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Referencing Automation Assemblies and the DTE2 Object

Visual Studio add-ins are deprecated in Visual Studio 2013. You should upgrade your add-ins to VSPackage extensions. For more information about upgrading, see How to: Convert an Add-in to a VSPackage.

To create automation applications, you must perform steps to gain access to the automation members. First, you must reference the requisite automation assemblies, and second, you must get a reference to the top-level object, DTE2.

In previous versions of Visual Studio, all core automation items were located in an assembly named EnvDTE, and its highest, hierarchical object is the DTE object. It is the parent object for all core automation objects, collections, and their members. DTE2 derives from DTE.

In subsequent versions of Visual Studio, additions and updates were made to some of these objects, collections, and members. Rather than update the existing assembly and compromise backwards-compatibility for existing add-ins and automation projects, all new, updated functionality is in assemblies named EnvDTE80 (EnvDTE version 8.0), EnvDTE90 (EnvDTE version 9.0), and EnvDTE100 (EnvDTE version 10.0). Most updated functions in [N:EnvDTE80,] EnvDTE90, and EnvDTE100 maintain the same names as previous versions but append a number to the end of the function name. For example, the newer version of the TaskItems collection is named TaskItems2, and the newer version of the Solution object is named Solution2. Because the new members are more robust than previous versions and contain the latest functionality, the recommended approach is to use the new objects and collections when writing new automation applications.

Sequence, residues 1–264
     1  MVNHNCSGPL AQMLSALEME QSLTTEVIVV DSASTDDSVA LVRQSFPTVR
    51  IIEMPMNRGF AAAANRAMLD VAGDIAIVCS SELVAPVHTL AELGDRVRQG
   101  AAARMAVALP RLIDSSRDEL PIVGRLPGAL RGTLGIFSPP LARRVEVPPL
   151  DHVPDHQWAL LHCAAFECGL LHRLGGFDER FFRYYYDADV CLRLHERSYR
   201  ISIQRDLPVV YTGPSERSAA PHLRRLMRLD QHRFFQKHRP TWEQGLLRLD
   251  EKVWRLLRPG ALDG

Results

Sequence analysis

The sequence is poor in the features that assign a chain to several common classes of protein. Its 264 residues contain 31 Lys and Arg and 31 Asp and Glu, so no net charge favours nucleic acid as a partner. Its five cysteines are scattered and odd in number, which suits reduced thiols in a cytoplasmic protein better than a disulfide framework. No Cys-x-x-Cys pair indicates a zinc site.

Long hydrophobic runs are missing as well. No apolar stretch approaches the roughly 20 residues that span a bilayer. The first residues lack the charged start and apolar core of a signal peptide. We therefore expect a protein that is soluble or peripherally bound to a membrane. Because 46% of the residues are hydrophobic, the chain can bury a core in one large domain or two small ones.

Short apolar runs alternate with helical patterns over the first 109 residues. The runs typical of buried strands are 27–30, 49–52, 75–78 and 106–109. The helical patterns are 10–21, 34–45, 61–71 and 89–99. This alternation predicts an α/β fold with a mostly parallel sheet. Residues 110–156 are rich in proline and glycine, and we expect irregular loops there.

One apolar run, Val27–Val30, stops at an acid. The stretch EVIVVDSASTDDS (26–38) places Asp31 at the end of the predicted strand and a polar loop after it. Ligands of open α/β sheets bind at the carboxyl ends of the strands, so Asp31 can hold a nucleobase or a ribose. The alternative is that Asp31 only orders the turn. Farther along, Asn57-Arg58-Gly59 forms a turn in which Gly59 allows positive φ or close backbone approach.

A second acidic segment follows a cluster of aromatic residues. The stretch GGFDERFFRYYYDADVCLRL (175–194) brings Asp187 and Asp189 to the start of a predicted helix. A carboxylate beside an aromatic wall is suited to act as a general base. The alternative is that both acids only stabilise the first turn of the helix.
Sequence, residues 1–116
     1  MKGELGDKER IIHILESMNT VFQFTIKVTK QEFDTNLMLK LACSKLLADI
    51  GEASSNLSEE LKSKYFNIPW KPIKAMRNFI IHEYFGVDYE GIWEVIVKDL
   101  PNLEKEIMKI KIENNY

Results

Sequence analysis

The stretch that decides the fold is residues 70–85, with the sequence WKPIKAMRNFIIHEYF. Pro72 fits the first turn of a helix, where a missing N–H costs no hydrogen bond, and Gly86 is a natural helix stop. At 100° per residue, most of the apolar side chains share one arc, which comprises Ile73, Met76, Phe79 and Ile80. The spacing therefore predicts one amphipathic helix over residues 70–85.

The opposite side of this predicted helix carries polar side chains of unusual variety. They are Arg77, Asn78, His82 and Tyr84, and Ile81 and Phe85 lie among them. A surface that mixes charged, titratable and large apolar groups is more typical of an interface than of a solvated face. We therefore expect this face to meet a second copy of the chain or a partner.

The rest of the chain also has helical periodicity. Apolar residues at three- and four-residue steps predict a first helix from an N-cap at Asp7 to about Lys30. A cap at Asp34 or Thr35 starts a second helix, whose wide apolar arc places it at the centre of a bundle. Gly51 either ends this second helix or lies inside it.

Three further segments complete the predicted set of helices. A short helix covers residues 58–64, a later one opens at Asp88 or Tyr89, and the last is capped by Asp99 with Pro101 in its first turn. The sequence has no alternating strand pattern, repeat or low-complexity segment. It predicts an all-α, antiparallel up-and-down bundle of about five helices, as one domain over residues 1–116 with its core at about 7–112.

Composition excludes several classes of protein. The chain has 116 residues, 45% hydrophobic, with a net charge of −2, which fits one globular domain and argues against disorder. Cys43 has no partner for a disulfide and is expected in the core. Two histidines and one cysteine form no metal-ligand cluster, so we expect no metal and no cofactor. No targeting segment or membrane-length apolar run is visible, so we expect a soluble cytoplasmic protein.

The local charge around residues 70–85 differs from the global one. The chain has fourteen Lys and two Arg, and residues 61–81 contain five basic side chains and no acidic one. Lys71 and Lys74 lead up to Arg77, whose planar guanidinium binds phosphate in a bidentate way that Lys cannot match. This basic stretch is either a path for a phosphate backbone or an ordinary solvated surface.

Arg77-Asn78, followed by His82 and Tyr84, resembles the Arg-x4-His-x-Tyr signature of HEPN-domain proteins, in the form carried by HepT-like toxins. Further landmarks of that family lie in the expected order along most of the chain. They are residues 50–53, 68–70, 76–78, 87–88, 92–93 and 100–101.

Although new items are in EnvDTE80, EnvDTE90, and EnvDTE100, most of the core automation functionality is still in EnvDTE. So, when you write new automation applications (such as add-ins), be sure to reference EnvDTE, EnvDTE80, EnvDTE90, and EnvDTE100. You can do this in one step by referencing the COM libraries "Microsoft Development Environment 8.0", "Microsoft Development Environment 9.0", "Microsoft Development Environment 9.0A", and "Microsoft Development Environment 10.0." Also, if you use members from the EnvDTE assembly, you must also set a reference to both the DTE object and the DTE2 object. This gives you access to all of the items.

For information about gaining access to the project-specific object models, see Functional Automation Groups.

How to: Add References to Automation Namespaces

Demonstrates how to add references to the appropriate namespaces.

Error When EnvDTE Is Used with VSLangProj Assemblies

Outlines a possible error you can receive when a project uses the EnvDTE assembly and one or more of the VSLangProj assemblies.

How to: Get References to the DTE and DTE2 Objects

Demonstrates how to get references to the appropriate objects.

Attaching to Specific Instances of the IDE

Provides information about how to reference a particular instance of the integrated development environment (IDE).

Automation Object Model Chart

Provides a graphical roadmap to all shared components of the Automation Object Model.

Creating Add-ins and Wizards

Provides basic information about creating Add-ins and Wizards in Visual Studio.

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